I had an English teacher who would always suggest when we’ve finished writing stuff, we read it again to ourselves out loud. The aim was to pick up on mistakes we might not have noticed otherwise. Revolutionary. But what if we don’t like the sound of our own voice? That’s always been slightly true for me. I think I sound like a geek. Although on reflection, I think I just don’t use my voice enough. So when I do speak, it’s not the husky and sexy vocal vibrations I imagine myself with, it’s a thing which etches it’s way out of my mouth. I’ll be fair on myself; it doesn’t happen all the time, usually only in loud places or where I’m speaking to a large group of people will my voice – literally – break.

However, every now and again I like challenging myself. A few summers ago, I gave myself the biggest challenge of doing a spoken word. Spoken words – good ones anyway – require you to actually speak. The clue is in the title. It literally couldn’t have been made any clearer to me that this activity expects you to be able to use words vocally with a certain degree of confidence. Something I didn’t possess. Yet, because I’d already bailed on this previously, I couldn’t bail again. Especially as the person organising it was the tutor I would see every single day at college.

The spoken word in question was something I’d written: an article for English class concerning how to go about killing spiders. Reading it to yourself… probably the best way to enjoy it. Having it awkwardly recited to you through a mess of incoherent, strung-together syllables and sentences in a dimly lit room… you’d probably think ‘oh, this is so very unfortunate’. Thoughts like that did not help the rehearsals in front of the mirror. The level of self-confidence was already low. And that was the problem. I couldn’t attribute this angst to any specific public speaking fear, it was all just down to a scarcity of belief within myself.

The evening of Monday 8th July 2013 is one that won’t escape my memory. The day was spent in panic; the only thing accompanying it being a pit of nauseous swirls in my stomach. I was even worried about taking the bus to get to college for the rehearsal. Efforts were made to resolve my mind to prayer. GOD GET ME OUT OF THIS! CANCEL IT, PLEASE! JUST DO WHAT YOU CAN!! Despite those strong, faith-based, mountain-moving prayers, I found myself in the drama studio rehearsing my word to two other participants of the night. Their response was all I had been hoping for. Laughter. Then I had to perform it again; this time in front of everyone who was taking part in the evening. More laughter. There was a passing mental suggestion that this might turn out to be okay.

7:00pm and the auditorium begins to fill up with bodies. I’m sitting in the second or third row, scouring the faces to see my family. When I see them, I feel calm for a moment. My mind remembers how people had reacted before. But then, the little confidence gets displaced by anxiety and I start shaking. Not normal shivering, just proper shaking in my seat as I see performers come and go, leaving me at some point to inevitably ‘go next’. My mind now is a constant stream of prayer.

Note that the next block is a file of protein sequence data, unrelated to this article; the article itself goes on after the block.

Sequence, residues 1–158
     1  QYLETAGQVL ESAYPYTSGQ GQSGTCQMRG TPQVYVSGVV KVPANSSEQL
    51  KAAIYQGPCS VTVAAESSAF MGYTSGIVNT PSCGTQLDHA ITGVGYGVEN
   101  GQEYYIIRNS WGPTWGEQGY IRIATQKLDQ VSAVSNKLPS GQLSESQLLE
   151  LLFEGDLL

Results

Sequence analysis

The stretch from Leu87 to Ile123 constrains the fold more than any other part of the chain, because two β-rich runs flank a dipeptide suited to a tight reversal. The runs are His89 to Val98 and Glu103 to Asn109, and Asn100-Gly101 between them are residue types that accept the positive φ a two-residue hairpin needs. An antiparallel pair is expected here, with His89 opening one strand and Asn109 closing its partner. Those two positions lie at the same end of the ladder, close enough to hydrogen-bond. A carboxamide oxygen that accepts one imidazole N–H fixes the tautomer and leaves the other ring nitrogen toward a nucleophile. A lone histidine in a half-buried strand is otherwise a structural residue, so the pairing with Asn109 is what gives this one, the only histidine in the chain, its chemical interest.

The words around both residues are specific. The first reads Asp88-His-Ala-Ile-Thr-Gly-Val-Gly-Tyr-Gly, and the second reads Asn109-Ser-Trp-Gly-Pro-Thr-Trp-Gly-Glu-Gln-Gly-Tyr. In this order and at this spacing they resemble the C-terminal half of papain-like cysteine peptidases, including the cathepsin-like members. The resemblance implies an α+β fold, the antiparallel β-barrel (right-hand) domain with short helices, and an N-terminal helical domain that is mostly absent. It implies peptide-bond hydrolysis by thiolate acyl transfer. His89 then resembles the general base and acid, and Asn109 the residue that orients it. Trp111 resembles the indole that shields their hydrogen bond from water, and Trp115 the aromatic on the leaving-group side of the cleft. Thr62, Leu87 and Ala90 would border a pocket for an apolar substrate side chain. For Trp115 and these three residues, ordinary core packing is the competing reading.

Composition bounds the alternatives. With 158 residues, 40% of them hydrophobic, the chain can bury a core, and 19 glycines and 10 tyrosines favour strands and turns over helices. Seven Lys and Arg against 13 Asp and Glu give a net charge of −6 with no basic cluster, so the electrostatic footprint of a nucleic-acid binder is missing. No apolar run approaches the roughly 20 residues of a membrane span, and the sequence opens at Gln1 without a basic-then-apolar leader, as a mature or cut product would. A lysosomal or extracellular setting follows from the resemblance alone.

Even as I carry my legs to take my place behind the microphone, centre stage, I still feel shaky. Looking at the audience, it’s a little bit smaller than I perceived; maybe around 30-50 people. But that’s not important. What’s important is what happened next. Before I was about to speak my first word, in all honesty, there was a silent calm that graced itself upon me. I know where that came from. Now, against every fibre of possibility, I’m up there, on the stage, performing my piece on killing spiders to a group of 30-50 people and I am kicking ass. Owning it. Bossing it. Making my insecurities watch me do what I know I’m capable of. Everyone in the audience is laughing with me. My Dad and my sister literally have their heads bowed trying to conceal it, whilst my Mum is looking at me like, ‘is this really my son?’

Yes.

During the intermission, so many people come to me. Their praise is synonymous. I’ll never forget one family in particular whose kid’s were buzzing. The night gets replayed in my head every day for the next few weeks. Sure, public speaking since then might not have been as successful, but now what I’ve got is ammunition. Someone wants to tell me I can’t do something? I’ve got plenty of (non-lethal) bullets that say otherwise.

Want to read the actual thing? You can do so here 🙂

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